Drugs: Licensing

Department of Health and Social Care written question – answered am ar 23 Mai 2024.

Danfonwch hysbysiad imi am ddadleuon fel hyn

Photo of Jess Phillips Jess Phillips Llafur, Birmingham, Yardley

To ask the Secretary of State for Health and Social Care, what flexibility (a) NICE and (b) NHS England have to approve for use drugs that (i) are used in combination with other drugs, (ii) are used for various (A) conditions and (B) lines of treatment and (iii) provide significant benefits for some but not all patients; and what tools those organisations use to ensure the effectiveness of such appraisals.

Photo of Andrew Stephenson Andrew Stephenson Assistant Whip, Minister of State (Department of Health and Social Care)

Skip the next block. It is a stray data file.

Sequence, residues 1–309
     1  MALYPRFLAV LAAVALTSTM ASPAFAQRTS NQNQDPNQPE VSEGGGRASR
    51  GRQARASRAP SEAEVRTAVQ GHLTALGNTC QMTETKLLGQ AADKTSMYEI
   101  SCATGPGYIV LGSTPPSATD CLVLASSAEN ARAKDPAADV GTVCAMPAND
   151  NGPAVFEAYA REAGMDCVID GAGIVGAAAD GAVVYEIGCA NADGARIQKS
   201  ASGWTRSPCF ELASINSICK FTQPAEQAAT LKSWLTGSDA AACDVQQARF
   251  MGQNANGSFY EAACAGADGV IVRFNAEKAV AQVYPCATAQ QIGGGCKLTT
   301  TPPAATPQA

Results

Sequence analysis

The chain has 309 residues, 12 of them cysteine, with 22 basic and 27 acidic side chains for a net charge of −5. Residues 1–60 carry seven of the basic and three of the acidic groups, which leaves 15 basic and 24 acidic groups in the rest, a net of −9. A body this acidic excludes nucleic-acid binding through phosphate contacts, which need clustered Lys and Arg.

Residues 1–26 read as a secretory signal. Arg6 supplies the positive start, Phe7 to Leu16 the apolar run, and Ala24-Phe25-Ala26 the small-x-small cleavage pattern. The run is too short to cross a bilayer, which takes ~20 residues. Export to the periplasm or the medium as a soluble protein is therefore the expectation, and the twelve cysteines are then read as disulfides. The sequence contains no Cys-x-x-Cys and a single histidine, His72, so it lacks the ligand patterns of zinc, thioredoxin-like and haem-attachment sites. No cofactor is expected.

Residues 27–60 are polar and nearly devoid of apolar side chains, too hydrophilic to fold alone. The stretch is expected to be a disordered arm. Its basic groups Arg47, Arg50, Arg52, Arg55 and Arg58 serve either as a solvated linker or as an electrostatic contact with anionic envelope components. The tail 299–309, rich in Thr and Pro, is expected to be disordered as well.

The National Institute for Health and Care Excellence (NICE) makes recommendations for the National Health Service on whether new licensed medicines, and significant licence extensions for existing medicines, should be routinely funded by the NHS. The NICE is able to recommend most new medicines for use by the NHS, including as a result of commercial agreements negotiated between NHS England and the company, in line with the commercial framework for new medicines.

The NICE develops its guidance in line with its published health technology evaluations manual, which sets out the circumstances in which its Appraisal Committees are able to apply flexibility in the evaluation of specific treatments. The NICE is, for example, able to apply a modifier in the evaluation of medicines for severe diseases that means that its committees are able to recommend medicines at a higher cost-effectiveness threshold than for less severe diseases. The NICE appraises combination therapies using the same methods that it uses for appraising single drug therapies.

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